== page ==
Track coach D.D. Andersen calls Jones "a phenomenal athlete. He's a good kid and will do what you need him to do. I put him in the 100 meters at the county meet and he won. If he wasn't so big, he'd be an excellent decathlete. He's too big to pole vault," she laughed.
"He is so humble and such a big presence. You kind of forget that he's 15-16-17 years old. A kid asked him, `Hey, are you Julio Jones?' He said, `No' and pointed to another guy.
"At middle school pep rallies, as soon as they are over kids swamp him. I told my mother that I felt like a body guard for Madonna."
Assistant principal Russ Moore, who coaches Jones in his special events, points out, "He's not only a tremendous athlete physically, but also mentally. He has a good understanding of his body. If I can explain something in the middle of a meet, he can correct it immediately. He has mental toughness and is very mature. He makes kids in an event feel important. He doesn't act like a superstar and is not aloof."
Moore believes Jones could break state records this spring in the high jump, long jump and triple jump. In fact, he feels he has a great shot at beating the national record in the triple jump.
Jones insists he is "wide open" when it comes to choosing a college. He definitely wants to go where the team throws the ball a lot and where he can start as a freshman. He has been asked the question so often that he has become somewhat inventive and even is injecting a touch of humor into his answers.
In a recent interview he jokingly said he was going to "Birmingham Southern." a Division III college where former Foley coach Joel Williams now works. It was his way of keeping media members - who ask the same question day after day - on their toes.
* In little more than one half Washaun Ealey, a 5-11, 205-pound junior, ran 13 times for 303 yards and seven touchdowns as Emanuel County Institute (Twin City, Ga.) routed Calvary Day (Savannah), 69-27. The state record is eight touchdowns.
* Eric Reynolds, a 5-10, 195-pound senior, ran 27 times for a school-record 401 yards and six touchdowns as Central Bucks South (Warrington, Pa.) nipped Abington, 49-45. Turning to Alabama, Ja'Michael Swain intercepted four passes in the second half as previously winless Dora defeated Warrior Corner, 41-21.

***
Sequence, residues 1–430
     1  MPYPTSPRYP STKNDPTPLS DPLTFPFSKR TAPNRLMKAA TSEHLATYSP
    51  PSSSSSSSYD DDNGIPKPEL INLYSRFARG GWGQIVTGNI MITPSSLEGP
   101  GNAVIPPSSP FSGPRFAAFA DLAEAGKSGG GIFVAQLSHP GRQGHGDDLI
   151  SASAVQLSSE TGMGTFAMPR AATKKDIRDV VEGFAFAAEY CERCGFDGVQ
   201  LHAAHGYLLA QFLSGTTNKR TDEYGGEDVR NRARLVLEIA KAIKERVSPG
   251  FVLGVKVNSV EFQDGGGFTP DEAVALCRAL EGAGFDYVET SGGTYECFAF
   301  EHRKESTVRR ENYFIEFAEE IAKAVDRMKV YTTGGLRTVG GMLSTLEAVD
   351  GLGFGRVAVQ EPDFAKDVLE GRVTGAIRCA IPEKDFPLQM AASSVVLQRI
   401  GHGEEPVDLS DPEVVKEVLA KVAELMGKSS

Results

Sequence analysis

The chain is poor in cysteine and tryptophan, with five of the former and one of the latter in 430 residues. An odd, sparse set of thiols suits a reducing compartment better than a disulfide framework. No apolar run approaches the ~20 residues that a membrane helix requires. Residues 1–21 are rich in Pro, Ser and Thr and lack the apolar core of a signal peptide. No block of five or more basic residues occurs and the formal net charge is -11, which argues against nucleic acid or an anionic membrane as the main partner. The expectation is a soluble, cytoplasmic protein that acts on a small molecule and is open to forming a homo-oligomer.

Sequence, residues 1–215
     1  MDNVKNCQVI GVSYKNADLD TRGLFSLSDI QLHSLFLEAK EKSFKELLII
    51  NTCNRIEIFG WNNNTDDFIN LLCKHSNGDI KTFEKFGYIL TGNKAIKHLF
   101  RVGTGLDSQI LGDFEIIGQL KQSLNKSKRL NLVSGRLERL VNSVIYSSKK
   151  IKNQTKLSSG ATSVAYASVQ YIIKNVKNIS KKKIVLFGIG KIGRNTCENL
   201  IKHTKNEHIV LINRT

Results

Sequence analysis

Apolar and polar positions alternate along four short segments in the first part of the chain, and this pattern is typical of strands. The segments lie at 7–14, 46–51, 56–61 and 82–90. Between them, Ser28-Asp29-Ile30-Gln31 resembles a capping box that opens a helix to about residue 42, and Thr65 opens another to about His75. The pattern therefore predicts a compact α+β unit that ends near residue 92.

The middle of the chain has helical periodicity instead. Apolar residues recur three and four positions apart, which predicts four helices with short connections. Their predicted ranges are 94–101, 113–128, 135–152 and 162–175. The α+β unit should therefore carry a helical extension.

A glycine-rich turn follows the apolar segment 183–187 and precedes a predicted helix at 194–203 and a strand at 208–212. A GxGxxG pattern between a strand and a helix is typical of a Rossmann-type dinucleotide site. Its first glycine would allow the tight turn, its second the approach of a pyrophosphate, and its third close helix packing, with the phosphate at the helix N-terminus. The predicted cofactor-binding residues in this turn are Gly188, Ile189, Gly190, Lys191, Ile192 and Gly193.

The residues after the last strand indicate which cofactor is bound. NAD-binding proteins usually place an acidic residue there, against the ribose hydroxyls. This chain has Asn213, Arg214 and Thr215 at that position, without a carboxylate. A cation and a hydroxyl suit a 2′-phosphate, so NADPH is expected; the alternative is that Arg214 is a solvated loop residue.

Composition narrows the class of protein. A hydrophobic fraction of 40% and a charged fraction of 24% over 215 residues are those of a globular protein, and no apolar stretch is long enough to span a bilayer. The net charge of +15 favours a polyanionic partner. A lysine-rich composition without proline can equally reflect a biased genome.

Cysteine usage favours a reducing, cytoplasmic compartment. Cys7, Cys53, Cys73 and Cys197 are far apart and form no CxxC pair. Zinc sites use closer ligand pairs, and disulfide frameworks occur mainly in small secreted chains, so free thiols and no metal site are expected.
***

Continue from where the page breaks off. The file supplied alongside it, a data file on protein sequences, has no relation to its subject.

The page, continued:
* Ansonia senior Alex Thomas is tearing up the turf in Connecticut. On Saturday he carried just seven times, but scored touchdowns on runs of 70, 69, 56 and 50 yards during a 48-0 whitewashing of Wolcott. One week earlier he ran for a state-record 518 yards on 44 carries and scored seven touchdowns in a 62-35 victory over Beacon Falls Woodland Regional.
* In Mesa, Ariz., Skyline junior Jared Smith boomed a 52-yard field goal to nip city foe Desert Ridge, 32-29, on the final play of the game. Desert Ridge had tied the game 42 seconds earlier. Switching to Nebraska, Pierce junior Eric Koehlmoos intercepted four passes, scoring twice, during a 39-10 victory over Norfolk Catholic.
* Devin Thomas' brilliant career at Madison (San Antonio, Texas) may be over after he suffered a dislocated ankle during Saturday's 42-14 victory over city rival Reagan. The reigning homecoming king had run for 335 yards and three touchdowns over 50 yards before he was injured with to play. The popular senior, who has committed to the University of Arkansas, ran for 374 yards and three touchdowns one week earlier before a crowd of 12,500 during a 29-14 win over powerful Smithson Valley (Spring Branch).
* Injury also has struck down one of the nation's leading quarterbacks, Parkway West (Ballwin, Mo.) senior Blaine Gabbert. The Nebraska recruit found out he had a separated shoulder just one day before his team's nationally-televised game against St. Louis Parkway North. Third-degree burns from an off-field mishap have sidelined Chandler senior tight end Dion Jordan, who is one of Arizona's elite college prospects.
* Northview (Duluth, Ga.) has seven team members who are sons of former NFL players. The players, with fathers in parentheses, are: quarterback Justin Tuggle (Jessie), wide receiver Xzavian Brandon (David), wide receiver Dan Stryzinski (Dan), two-way tackle Roman Fortin Jr. (Roman), linebacker Jake Whitehurst (David), linebacker Allen Tolbert (Will) and defensive end Brock Sanders (Eric). All are seniors except for Sanders, who is a junior.